A healthy relationship consists of two people that understand the concept of each person being valuable and important. An understanding exists that we are each responsible for our own wellbeing and that I don’t have the power to make you happy or whole. A healthy relationship has an understanding that we help each other, sacrifice for each other, are supportive of each other and we must have a strong sense of self worth without taking responsibility for the other person’s self worth or self esteem. The relationship is not based on a 50/50 concept, but on a reciprocal concept of both making the effort toward a balance in the relational dynamics with healthy boundaries.
Codependency is when a person is dependent on the approval of others for their own sense of identity and wellbeing. A codependent person has poor boundaries, the need to control resulting in them being manipulative at times, poor self worth, and they tend to take on the role of rescuer or caretaker. Oftentimes they self identify as the “fixer”. Someone who is codependent is basically looking for external validation for their own self worth. A healthy person understands that they can’t control other people’s thoughts, beliefs, or behaviors and they must find their sense of self internally, not externally.
Codependency is an unhealthy psychological belief system (usually developed in childhood) and set of behaviors that can exist in all types of relationships including marriage, colleagues, co-workers, parent/child, relatives, and friendships. Someone struggling with codependency is usually a very responsible person. In fact, they take on responsibility that is not theirs. They tend to be very caring and nurturing to the extent of sacrificing their own needs and wants to take care of others. Sometimes they are referred to as enablers when they are in a relationship with an addict and they believe they are helping the addicted loved one by giving them money and doing things for them that they can do for themselves. These behaviors and mindset are actually harming their loved one by contributing to the factors that keep the person stuck in addiction.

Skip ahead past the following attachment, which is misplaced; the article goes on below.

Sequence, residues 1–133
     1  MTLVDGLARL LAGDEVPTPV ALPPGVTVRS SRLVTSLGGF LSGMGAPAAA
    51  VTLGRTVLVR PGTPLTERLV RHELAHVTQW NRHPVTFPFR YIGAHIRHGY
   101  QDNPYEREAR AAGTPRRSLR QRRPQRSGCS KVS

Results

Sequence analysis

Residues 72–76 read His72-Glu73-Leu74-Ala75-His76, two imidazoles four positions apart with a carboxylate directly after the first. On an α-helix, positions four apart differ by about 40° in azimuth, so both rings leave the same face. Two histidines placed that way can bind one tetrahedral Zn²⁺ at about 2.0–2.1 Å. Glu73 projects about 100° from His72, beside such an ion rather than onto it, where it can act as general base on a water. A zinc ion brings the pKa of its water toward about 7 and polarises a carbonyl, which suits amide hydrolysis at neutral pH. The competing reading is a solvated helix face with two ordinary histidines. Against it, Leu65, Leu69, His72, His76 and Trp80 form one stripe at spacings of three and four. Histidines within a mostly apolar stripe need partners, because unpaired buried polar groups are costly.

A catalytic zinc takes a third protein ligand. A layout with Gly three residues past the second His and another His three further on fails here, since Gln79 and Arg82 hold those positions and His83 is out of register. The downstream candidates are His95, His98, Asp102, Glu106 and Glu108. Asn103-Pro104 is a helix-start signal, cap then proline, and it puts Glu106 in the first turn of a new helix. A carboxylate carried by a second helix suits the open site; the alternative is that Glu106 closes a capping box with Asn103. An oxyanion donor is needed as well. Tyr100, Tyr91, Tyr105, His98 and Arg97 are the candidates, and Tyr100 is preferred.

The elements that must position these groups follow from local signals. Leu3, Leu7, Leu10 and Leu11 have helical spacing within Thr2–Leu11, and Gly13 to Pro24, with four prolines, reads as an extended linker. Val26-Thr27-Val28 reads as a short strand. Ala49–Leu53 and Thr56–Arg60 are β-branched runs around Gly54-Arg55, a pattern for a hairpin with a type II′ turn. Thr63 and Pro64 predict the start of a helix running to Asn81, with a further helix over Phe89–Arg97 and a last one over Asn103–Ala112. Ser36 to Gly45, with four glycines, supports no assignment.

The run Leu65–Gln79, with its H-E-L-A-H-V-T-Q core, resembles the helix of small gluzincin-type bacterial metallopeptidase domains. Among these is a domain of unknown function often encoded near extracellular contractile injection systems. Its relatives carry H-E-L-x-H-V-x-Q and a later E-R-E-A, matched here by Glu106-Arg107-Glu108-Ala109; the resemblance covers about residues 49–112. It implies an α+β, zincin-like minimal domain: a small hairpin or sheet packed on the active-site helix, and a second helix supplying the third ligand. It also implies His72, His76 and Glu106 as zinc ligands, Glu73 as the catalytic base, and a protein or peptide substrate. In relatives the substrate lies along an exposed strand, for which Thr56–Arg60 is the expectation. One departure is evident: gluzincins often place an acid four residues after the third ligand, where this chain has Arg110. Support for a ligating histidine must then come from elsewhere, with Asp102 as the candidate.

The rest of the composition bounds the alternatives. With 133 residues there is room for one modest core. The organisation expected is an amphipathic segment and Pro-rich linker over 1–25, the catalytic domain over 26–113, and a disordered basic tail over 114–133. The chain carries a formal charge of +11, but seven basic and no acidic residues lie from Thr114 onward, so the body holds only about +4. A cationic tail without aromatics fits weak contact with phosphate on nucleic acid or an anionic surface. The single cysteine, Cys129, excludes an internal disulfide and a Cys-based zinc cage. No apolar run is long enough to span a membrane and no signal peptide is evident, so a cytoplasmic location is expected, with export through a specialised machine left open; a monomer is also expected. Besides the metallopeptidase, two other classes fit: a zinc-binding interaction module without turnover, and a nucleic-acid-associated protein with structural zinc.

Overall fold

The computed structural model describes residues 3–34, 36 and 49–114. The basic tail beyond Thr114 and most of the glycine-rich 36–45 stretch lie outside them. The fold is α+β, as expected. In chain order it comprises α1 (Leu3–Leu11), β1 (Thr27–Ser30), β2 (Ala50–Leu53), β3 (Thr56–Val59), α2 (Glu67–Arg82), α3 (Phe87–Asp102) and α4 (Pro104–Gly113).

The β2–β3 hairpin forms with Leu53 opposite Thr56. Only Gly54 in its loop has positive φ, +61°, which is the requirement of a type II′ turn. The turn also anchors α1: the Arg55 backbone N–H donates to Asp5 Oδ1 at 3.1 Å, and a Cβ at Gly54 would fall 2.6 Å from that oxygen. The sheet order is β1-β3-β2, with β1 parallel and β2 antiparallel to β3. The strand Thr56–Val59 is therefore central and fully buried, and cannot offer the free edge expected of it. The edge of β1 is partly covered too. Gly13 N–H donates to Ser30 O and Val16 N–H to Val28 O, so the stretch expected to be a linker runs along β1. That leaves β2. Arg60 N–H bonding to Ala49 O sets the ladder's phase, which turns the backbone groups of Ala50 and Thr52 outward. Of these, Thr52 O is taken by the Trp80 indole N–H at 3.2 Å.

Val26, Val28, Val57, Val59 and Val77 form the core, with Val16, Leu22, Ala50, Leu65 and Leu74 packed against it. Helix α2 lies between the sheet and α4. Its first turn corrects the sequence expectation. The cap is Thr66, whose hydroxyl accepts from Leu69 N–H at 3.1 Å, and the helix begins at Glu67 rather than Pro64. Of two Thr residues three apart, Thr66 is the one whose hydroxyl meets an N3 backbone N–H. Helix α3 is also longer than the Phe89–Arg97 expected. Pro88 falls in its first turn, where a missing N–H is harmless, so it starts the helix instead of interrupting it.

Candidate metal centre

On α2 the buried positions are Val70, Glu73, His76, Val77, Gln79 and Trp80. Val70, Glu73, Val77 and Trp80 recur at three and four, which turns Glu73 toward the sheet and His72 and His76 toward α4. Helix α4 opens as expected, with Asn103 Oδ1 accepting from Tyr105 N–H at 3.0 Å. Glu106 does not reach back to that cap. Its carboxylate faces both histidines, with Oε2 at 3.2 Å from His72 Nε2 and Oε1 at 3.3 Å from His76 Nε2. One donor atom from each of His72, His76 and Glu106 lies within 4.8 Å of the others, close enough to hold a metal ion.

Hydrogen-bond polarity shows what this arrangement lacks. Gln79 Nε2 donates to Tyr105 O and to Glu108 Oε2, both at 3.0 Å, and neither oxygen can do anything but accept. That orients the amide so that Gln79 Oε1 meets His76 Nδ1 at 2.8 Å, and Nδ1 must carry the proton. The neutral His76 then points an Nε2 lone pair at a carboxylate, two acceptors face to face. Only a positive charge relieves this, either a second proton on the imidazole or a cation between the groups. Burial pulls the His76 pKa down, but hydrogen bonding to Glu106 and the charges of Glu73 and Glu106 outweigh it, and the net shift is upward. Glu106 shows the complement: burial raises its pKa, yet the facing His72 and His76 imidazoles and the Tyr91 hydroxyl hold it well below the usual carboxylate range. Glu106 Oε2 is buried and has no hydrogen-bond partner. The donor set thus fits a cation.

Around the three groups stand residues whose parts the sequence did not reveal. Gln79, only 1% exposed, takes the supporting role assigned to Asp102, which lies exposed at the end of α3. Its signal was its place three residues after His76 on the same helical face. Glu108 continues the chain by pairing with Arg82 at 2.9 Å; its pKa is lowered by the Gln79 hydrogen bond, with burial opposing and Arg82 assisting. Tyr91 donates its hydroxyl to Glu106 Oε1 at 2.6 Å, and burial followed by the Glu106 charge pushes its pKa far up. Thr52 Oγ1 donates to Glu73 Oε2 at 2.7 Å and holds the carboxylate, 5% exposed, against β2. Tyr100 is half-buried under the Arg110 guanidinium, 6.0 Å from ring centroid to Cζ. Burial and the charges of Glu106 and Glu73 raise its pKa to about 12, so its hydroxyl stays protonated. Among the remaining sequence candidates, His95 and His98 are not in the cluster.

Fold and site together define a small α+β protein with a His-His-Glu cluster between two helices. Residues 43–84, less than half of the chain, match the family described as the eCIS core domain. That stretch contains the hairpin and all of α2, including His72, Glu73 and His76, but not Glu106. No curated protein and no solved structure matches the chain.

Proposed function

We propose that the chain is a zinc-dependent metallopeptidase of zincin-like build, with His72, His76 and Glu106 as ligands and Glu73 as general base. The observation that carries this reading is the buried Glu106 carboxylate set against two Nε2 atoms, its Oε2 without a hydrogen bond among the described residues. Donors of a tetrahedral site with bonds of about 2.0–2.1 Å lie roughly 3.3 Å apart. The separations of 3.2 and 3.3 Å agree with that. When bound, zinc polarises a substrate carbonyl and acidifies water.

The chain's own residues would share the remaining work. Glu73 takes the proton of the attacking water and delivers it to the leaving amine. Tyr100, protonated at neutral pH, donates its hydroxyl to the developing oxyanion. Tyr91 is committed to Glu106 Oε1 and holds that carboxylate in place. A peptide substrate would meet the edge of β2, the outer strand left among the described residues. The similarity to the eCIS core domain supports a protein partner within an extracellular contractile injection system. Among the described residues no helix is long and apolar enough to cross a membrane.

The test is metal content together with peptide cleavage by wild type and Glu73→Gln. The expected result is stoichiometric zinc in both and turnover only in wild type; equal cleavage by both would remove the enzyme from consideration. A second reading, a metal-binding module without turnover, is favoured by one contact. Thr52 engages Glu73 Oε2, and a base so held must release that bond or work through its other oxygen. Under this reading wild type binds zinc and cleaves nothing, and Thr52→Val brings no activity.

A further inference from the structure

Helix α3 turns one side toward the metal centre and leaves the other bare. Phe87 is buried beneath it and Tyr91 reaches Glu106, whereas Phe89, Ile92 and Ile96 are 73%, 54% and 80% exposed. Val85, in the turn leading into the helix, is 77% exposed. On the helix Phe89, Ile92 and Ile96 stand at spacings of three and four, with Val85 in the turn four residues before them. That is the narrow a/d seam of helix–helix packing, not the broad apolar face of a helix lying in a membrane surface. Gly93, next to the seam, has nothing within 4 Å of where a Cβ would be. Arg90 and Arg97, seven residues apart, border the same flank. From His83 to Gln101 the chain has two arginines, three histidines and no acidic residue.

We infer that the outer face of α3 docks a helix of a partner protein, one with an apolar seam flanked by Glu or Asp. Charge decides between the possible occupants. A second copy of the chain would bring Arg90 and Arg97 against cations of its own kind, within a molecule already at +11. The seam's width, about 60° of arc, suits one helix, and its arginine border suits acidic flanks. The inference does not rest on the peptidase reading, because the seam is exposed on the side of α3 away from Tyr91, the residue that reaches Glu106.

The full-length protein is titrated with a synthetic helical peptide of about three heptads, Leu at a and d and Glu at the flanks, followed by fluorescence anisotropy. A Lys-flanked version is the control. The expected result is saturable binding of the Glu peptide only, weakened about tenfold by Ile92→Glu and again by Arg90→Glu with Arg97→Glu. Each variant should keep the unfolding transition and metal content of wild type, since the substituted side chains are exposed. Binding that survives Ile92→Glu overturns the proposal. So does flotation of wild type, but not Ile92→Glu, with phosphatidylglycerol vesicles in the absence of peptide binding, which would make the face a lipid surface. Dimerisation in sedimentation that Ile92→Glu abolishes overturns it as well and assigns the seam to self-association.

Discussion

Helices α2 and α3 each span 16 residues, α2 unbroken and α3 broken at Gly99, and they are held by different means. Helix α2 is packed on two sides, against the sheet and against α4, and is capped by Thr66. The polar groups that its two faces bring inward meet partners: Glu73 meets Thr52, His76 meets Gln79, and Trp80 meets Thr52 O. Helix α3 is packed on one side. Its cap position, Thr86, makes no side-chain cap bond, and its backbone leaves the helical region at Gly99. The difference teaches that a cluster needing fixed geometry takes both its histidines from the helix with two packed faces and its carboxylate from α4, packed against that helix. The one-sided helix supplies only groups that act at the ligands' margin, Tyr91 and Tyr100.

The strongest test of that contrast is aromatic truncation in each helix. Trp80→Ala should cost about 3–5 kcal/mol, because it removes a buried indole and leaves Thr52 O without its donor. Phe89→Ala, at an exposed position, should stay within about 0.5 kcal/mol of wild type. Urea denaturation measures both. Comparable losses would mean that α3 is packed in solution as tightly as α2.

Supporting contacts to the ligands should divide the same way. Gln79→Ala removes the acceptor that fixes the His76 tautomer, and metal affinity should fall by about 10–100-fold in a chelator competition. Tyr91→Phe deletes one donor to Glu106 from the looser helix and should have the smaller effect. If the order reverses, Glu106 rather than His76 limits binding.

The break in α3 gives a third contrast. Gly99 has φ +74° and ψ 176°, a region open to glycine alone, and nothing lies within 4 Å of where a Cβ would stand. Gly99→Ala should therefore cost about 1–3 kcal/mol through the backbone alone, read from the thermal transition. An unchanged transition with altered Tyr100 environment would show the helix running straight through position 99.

Below are signs you may be struggling with Codependency:
Someone has an issue or shares a problem with you and you feel responsible for solving their problem for them.
You find yourself giving advice whether you are asked for it or not.
You have a difficult time expressing your own opinion if it differs from others.
You have been called or self identify as a “people pleaser”.
You live in the thought life of “if I do this, then he/she will do that” or “if I do this, then things will get better”. You tend to live in the hope of what will be rather than the reality of what is.
You have difficulty being alone. You make decisions based on the fear the relationship will end.
Feeling unappreciated or used.
You overextend yourself. You take on extra work on a regular basis.
Tendency to be very hard on yourself.
You struggle to make decisions without the approval of others.
You have poor boundaries. You say yes when you really want to say no out of fear of hurting someone’s feelings. You will neglect yourself and your responsibilities to be available to help others.
Spend too much time worrying.
You feel victimized in relationships, you believe people are doing things to you verses taking responsibility for your own life and decisions.
You stay in friendships, committed relationships, and jobs when you know you should leave.
If you identify with the above signs, you are vulnerable to being abused in your relationships due to your need to please others and the pattern of minimizing your own needs.
You are valuable.
You can change.
Consider talking to a person you trust about your concerns you may be identifying with codependency.
Educate yourself on boundaries so you can begin to establish and maintain healthy boundaries.
Consider working with a therapist to identify what impacted your early development and how to take the steps to break the codependent patterns while developing a healthy sense of self worth and healthy boundaries.
Consider joining a 12-step program like Codependents Anonymous (CoDA).